This isn’t useful in itself, but it does show that 60 is a somewhat-useful upper bound on how many digits a non-mathematician might need.

7. brandon says:

Is pi irrational only because we use a base-10 numbering system? Or would pi be irrational in every numbering system besides “base-pi”?

8. Mi says:

Brandon, good question!

9. VaSaKed says:

I always suspected that 9 is a prime number 😀

10. Aieou says:

@brandon π is irrational. Period. Here’s π in some different bases:
Base 2
11.00100100001111…

Base 3
10.01021101222201…

Base 4
3.02100333122220…

Base 5
3.03232214303343…

Base 6
3.05033005141512…

Base 7
3.06636514320361…

Base 8
3.11037552421026…

Base 9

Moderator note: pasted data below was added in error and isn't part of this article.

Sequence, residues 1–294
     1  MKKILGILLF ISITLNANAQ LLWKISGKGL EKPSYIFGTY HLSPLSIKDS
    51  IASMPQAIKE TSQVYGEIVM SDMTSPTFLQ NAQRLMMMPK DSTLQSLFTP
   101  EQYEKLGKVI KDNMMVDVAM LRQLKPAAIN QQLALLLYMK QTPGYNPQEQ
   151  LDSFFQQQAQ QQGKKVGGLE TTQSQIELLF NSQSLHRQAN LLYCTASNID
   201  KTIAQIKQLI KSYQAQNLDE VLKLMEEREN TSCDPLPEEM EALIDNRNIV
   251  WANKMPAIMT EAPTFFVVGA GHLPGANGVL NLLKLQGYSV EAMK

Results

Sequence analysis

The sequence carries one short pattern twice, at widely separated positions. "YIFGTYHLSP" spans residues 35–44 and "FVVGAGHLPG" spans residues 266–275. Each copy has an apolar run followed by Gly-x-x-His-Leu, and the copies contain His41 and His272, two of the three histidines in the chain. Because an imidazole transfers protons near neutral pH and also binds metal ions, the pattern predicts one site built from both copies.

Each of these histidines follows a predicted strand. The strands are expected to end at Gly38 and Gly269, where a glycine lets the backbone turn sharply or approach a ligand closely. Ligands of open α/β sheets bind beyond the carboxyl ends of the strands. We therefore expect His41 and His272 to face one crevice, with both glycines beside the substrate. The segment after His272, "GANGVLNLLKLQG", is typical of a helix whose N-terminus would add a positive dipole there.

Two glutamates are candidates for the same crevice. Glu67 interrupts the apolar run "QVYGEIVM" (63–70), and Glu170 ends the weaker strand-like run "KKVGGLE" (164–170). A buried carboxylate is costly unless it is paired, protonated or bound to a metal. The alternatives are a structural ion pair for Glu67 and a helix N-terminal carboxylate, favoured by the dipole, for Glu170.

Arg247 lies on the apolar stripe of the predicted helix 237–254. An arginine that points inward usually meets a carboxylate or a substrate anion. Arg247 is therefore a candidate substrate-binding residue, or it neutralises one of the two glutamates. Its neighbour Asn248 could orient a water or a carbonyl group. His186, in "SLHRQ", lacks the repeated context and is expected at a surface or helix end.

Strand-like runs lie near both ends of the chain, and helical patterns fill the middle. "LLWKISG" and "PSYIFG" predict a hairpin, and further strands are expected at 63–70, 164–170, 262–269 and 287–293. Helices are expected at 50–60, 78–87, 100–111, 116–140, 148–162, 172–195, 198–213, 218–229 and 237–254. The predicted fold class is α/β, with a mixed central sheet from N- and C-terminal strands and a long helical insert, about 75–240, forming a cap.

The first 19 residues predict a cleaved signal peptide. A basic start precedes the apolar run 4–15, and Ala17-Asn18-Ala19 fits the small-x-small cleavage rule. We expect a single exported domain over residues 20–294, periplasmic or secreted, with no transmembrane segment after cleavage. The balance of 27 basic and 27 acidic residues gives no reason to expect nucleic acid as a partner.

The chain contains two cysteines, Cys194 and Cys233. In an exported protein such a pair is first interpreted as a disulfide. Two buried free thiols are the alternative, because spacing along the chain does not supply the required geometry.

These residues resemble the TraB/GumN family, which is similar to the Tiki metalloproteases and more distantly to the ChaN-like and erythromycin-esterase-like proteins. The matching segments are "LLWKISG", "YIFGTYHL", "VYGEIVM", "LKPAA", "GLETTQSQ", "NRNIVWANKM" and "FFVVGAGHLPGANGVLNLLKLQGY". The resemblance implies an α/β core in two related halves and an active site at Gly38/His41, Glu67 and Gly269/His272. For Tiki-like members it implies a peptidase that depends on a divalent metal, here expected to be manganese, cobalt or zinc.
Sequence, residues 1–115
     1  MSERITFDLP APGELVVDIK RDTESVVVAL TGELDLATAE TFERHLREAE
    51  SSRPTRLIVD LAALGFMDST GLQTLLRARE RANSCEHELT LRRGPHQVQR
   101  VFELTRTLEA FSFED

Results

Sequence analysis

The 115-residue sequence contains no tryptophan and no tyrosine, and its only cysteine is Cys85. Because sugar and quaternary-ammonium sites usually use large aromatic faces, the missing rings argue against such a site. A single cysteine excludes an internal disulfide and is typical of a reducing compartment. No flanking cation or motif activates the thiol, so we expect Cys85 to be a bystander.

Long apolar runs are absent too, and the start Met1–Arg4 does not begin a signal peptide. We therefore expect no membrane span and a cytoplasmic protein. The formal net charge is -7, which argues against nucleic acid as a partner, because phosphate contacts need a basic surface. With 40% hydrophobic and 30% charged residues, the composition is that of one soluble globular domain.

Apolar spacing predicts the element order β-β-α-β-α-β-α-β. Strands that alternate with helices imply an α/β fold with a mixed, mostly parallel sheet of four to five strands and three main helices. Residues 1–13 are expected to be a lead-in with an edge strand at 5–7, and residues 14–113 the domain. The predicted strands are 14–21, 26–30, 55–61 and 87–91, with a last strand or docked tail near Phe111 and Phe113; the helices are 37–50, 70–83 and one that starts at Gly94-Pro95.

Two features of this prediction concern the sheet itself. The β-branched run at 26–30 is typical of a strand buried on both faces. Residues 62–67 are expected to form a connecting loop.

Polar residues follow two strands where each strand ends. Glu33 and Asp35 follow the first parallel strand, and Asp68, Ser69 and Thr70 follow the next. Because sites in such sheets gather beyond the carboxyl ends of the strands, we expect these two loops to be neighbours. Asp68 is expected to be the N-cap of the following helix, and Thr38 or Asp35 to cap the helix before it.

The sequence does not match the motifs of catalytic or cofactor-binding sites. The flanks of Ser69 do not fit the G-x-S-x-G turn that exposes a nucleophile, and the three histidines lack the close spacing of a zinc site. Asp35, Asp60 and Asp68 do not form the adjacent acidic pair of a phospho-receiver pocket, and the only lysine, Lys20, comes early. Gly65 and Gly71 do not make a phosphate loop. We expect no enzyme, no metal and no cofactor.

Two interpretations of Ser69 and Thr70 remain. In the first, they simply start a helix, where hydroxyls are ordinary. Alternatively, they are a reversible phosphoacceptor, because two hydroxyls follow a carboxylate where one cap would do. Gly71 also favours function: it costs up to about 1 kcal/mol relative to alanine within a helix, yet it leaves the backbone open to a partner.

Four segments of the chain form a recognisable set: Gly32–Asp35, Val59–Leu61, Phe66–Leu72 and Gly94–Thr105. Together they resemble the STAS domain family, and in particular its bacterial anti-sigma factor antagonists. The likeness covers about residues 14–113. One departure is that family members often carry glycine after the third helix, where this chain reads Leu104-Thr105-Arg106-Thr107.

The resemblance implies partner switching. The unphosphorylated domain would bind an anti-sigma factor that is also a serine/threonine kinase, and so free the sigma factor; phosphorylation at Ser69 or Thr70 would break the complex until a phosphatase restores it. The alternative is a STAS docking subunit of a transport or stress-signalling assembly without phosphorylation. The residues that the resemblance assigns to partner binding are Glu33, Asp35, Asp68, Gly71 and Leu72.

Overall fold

3.12418812407442…

Base 10
3.14159265358979…

Base 11
3.16150702865A48…

Base 12
3.184809493B9186…

Base 13
3.1AC1049052A2C7…

Base 14
3.1DA75CDA813752…

Base 15
3.21CD1DC46C2B7A…

Base 16
3.243F6A8885A300…

As you can see, none of these terminate. That’s one of the definitions of an irrational number: along with being unable to express it as a finite fraction, they almost always have “semi-random” (but 100% predictable!) digits that never end, ever.